A million or more Hongkongers had demonstrated in various ways against the atrocities of Chinese soldiers ordered to turn their weapons on innocent protestors. The perception of most Hongkongers was clear. If the Communist leaders would turn the guns on their own people what would they not do to Hong Kong people when the territory came under Chinese sovereignty in 1997? They feared the worst.

That fear was understandable. Most of those in Hong Kong then and their ancestors were mainland Chinese, mostly from Shanghai, who had fled to these one-time fishing villages to get away from the political turmoil and revolutions at home.

But they, who expected to be only temporarily here before moving on elsewhere, turned Hong Kong into a thriving city with their entrepreneurial experience and with the administrative skills of their colonial masters.

As I tried to delve deeper into the background of the political turmoil that led to the June killings in Tiananmen and beyond the sudden and unexpected reactions of the Hongkongers that brought millions on to the streets- including those businessmen-politicians of this vibrant city who had shown pro-Beijing proclivities and earlier rejected the slightest tendency for political reform. Now there was one emotion etched in the Hong Kong psyche.

That was the burning revulsion for the Communist leadership across the border and the stench of the hypocrisy in high places. Having been virtually thrown into the deep end of Hong Kong history and politics to write editorials, be a sketch writer covering the Legislative Council and features including on international affairs I had to spend my time studying the background to Hong Kong’s colonial administration and the on-going negotiations between the UK and China and Beijing’s calculated moves to draft the Basic Law which would be Hong Kong’s mini-constitution and would give Beijing an upper hand..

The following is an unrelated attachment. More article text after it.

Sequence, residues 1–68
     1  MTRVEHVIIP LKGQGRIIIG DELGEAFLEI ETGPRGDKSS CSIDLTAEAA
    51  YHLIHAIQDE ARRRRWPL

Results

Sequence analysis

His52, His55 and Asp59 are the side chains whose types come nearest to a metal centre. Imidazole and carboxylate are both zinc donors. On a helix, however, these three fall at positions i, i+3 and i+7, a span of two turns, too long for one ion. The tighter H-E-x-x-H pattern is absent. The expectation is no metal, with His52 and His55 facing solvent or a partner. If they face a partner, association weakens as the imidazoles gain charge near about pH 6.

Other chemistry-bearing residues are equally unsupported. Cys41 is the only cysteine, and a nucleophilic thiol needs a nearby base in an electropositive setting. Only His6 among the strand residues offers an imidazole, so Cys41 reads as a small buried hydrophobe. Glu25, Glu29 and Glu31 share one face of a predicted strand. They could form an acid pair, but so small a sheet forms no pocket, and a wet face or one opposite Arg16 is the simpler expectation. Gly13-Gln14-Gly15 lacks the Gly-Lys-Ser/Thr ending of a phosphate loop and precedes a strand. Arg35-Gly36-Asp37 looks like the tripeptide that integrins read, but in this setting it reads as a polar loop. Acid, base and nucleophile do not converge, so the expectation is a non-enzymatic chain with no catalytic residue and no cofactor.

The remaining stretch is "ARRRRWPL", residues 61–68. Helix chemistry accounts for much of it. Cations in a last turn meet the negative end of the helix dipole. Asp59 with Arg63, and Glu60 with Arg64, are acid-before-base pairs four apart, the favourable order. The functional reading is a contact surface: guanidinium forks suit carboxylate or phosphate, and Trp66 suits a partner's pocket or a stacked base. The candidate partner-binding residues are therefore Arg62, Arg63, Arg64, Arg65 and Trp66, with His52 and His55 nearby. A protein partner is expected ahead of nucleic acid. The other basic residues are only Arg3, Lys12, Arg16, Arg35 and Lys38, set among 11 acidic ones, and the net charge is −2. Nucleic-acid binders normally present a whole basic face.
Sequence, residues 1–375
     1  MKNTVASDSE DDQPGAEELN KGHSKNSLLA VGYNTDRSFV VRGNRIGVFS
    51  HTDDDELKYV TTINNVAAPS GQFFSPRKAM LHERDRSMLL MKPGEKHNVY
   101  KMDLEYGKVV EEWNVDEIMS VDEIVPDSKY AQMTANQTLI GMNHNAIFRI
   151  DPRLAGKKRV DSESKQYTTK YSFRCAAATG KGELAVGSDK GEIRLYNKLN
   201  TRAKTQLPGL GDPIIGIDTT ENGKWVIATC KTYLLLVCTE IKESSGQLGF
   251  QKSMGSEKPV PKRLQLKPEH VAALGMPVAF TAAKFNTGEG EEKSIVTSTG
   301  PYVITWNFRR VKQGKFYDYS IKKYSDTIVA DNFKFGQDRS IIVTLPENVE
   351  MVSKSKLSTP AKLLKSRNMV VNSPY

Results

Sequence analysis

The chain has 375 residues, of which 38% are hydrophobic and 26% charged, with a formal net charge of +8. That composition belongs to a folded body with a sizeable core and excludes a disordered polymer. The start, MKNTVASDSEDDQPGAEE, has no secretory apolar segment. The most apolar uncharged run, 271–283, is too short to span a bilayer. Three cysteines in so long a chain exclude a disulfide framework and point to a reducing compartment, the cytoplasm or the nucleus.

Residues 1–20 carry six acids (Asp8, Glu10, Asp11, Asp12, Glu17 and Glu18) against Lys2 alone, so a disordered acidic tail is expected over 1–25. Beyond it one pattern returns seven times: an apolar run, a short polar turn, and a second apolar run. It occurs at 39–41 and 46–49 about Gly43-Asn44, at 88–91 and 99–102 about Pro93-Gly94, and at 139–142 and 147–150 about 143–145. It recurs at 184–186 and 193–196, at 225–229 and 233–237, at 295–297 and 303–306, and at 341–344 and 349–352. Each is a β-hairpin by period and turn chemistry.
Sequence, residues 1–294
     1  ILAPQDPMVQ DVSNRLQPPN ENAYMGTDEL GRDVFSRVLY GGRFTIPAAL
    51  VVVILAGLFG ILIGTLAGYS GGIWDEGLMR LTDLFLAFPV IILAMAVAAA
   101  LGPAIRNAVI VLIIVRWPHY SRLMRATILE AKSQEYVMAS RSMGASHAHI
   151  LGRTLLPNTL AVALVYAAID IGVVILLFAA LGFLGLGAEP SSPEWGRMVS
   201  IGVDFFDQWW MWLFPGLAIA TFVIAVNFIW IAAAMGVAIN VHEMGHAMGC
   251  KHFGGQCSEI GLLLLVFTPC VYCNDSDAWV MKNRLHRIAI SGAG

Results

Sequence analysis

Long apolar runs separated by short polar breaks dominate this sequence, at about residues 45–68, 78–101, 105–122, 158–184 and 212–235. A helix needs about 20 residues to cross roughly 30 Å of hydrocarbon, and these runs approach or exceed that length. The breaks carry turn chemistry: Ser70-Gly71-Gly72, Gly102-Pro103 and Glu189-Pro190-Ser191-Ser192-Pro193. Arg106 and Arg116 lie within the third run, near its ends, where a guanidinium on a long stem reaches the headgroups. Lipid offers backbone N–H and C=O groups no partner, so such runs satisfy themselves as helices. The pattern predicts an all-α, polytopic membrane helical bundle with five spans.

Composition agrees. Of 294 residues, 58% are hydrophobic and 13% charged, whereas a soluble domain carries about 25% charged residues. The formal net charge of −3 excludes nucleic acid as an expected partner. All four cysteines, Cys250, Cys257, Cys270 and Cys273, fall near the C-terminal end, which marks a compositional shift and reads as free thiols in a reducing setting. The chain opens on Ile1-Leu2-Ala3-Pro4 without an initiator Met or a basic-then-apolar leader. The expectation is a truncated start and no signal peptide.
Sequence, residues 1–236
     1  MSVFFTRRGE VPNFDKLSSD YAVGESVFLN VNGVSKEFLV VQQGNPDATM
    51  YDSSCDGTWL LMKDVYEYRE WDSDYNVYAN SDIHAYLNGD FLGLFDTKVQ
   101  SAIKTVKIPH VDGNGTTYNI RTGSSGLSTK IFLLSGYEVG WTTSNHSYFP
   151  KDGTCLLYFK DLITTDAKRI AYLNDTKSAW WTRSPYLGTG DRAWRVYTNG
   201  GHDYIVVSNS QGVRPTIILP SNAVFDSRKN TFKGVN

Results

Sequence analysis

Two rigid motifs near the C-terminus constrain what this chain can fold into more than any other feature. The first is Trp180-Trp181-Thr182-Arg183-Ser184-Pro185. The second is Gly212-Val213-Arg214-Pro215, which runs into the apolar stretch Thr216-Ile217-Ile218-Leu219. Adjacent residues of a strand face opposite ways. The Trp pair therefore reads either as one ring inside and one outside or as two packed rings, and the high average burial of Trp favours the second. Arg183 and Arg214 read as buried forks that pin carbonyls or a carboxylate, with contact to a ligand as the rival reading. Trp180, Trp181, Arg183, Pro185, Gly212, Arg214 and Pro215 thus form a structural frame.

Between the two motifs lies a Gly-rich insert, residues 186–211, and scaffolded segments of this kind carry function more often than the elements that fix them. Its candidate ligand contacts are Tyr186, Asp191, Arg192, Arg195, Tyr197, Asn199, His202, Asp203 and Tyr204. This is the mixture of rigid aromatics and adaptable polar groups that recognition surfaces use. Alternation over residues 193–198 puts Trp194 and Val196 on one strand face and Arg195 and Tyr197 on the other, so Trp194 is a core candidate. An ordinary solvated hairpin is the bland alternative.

The more I studied Britain’s colonial administration the more I was intrigued by the chicanery and subtle manoeuvrings of the British ‘colonial’ office in London and the civil service-run administration in Hong Kong.

The British were skillful. They let Hong Kong thrive with little interference and a generous helping hand to the burgeoning business community- local and foreign- that turned the territory into one of the great financial centres of the world.

The British allowed personal freedoms and a free press but did little to bring representative government to the territory. That was one way of keeping Hong Kong alive and kicking but on a fairly tight leash. As much as Hong Kong grew on me and I came to enjoy its dynamism and elan there was something missing. Press freedom yes but one sensed that information was subtly controlled or manoeuvred.